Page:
Seagrasses are flowering plants that live submerged in salty water and perform vital ecosystem services that help us and the food-webs that rely on them. For example, seagrasses capture and store more atmospheric carbon (per unit area) than many terrestrial plants, they act as nursery areas for important fishery species, and provide coastal protection against things like erosion and storm surges. We used artificial intelligence to help manage things that can impact seagrasses, and it works very well!
In February 2016, a female loggerhead sea turtle dubbed ‘Marloo’ had a satellite transmitter attached to her shell on a beach south of Exmouth, Western Australia by the Gnaraloo wilderness foundation. Many months, and more than 4000 km’s, later she was recovered and sampled...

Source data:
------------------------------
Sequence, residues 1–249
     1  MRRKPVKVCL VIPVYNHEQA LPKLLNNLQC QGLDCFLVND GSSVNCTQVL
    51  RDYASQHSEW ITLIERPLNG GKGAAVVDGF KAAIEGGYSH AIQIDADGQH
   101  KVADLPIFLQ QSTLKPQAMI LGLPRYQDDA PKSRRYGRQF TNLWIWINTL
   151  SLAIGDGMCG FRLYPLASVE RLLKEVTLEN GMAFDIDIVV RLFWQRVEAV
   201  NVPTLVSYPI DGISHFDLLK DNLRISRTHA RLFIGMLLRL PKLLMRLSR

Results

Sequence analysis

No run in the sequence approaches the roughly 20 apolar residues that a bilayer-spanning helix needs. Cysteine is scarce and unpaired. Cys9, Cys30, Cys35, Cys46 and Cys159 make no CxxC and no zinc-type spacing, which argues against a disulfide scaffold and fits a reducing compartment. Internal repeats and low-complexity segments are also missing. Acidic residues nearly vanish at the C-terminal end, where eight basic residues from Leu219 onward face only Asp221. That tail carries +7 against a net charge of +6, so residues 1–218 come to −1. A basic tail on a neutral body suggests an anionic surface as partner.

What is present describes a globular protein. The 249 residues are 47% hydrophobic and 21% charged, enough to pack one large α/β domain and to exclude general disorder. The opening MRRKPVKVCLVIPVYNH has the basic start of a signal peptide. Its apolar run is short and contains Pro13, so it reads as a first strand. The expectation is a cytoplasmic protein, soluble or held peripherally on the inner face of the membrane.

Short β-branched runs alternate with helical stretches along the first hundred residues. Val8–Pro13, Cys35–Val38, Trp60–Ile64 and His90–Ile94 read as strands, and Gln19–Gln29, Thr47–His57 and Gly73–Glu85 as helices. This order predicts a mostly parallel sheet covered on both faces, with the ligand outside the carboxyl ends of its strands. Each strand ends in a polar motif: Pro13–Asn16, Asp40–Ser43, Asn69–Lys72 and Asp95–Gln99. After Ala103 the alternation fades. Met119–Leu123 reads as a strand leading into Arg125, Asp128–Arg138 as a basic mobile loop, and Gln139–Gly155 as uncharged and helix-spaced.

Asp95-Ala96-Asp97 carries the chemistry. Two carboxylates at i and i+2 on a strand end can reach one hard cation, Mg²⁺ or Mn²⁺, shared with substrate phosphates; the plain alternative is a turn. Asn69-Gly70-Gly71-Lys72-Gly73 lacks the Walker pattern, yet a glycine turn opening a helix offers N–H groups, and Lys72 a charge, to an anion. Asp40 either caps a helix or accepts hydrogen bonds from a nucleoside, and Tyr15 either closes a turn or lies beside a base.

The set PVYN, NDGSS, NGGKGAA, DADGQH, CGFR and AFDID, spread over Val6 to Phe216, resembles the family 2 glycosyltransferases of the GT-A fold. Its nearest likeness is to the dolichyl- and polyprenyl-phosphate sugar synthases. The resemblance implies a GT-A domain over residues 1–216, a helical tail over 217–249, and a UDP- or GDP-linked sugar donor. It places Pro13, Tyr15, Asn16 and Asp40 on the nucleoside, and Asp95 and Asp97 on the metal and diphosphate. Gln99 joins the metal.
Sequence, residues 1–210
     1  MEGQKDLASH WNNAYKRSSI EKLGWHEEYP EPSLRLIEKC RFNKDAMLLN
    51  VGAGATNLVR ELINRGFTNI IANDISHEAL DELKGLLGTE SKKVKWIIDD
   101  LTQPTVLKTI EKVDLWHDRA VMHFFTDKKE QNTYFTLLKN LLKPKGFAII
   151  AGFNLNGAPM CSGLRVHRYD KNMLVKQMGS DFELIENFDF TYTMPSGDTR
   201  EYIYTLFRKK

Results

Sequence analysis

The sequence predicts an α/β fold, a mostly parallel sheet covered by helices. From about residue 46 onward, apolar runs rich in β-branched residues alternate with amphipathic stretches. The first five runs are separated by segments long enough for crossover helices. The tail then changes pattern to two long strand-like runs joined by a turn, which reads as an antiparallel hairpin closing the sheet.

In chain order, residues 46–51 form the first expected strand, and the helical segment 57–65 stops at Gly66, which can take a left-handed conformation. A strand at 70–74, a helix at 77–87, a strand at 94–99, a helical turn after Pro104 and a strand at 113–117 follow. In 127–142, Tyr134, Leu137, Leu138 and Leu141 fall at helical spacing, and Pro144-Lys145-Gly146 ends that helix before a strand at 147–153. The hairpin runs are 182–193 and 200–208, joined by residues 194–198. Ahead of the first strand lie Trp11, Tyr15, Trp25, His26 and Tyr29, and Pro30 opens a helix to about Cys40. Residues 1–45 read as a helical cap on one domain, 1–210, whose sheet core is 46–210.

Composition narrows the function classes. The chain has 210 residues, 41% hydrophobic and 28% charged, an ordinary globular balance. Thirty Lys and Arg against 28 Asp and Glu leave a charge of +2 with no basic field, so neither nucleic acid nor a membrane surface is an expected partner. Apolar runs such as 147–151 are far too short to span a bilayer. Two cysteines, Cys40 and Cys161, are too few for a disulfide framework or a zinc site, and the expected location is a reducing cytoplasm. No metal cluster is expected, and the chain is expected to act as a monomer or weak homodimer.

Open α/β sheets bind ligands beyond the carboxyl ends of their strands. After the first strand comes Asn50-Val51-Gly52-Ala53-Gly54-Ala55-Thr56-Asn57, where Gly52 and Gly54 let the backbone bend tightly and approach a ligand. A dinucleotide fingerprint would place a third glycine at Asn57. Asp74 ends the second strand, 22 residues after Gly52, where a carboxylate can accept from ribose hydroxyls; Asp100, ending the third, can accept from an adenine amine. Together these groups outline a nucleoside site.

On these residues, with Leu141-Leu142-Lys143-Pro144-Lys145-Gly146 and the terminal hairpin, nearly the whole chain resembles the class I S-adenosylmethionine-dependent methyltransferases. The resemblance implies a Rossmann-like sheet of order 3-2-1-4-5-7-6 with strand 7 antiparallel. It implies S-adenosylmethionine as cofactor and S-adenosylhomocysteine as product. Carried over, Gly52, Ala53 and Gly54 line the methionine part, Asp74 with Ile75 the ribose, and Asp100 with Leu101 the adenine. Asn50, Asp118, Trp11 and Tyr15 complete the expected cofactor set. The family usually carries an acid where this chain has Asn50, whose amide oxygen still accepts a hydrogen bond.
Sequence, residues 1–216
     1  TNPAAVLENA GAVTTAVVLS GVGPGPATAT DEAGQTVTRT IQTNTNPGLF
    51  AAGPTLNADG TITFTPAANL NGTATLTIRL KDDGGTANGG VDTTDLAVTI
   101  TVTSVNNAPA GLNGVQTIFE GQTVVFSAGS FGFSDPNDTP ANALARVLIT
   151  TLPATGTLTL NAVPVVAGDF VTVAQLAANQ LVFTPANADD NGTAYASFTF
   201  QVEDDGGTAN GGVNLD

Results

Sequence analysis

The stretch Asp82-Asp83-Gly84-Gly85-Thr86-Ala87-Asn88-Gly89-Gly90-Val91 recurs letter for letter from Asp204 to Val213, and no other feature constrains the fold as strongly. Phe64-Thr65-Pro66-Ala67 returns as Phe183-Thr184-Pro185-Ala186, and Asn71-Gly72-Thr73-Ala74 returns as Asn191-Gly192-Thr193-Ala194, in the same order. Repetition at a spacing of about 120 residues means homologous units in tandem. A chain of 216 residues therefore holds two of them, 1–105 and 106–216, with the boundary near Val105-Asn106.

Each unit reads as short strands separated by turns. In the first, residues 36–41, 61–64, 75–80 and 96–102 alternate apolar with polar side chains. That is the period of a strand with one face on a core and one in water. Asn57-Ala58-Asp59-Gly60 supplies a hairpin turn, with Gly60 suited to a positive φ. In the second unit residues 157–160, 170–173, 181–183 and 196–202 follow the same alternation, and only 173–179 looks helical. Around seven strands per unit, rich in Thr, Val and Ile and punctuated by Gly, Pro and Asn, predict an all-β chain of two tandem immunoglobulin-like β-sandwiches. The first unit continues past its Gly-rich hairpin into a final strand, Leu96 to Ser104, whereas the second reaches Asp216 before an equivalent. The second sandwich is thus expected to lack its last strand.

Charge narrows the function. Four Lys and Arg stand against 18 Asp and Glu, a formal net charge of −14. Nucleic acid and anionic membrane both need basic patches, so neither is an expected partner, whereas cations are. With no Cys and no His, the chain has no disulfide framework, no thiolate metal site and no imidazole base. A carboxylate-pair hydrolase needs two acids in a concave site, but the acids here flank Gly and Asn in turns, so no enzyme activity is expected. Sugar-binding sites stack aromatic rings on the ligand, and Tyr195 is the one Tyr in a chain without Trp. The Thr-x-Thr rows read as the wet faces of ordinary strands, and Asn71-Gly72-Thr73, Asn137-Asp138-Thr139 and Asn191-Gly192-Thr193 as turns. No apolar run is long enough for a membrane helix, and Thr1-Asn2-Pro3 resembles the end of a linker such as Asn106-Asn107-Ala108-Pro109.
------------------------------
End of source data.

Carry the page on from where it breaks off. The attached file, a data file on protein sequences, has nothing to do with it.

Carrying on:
The effects of COVID-19 on the world has been profound. It’s had us re-evaluating intergovernmental, trade and personal relationships, and forced a rethink of consumer needs. Environmental groups have been encouraging people to eat more fish in response to this pandemic. Consumer surveys during the pandemic have also highlighted greater apprehension about receiving goods from certain countries, alongside increases in online purchases and groceries as people find need to cook more meals at home. So, it’s already changed many parts of our lives, maybe forever, but how will this pandemic affect the world’s biodiversity?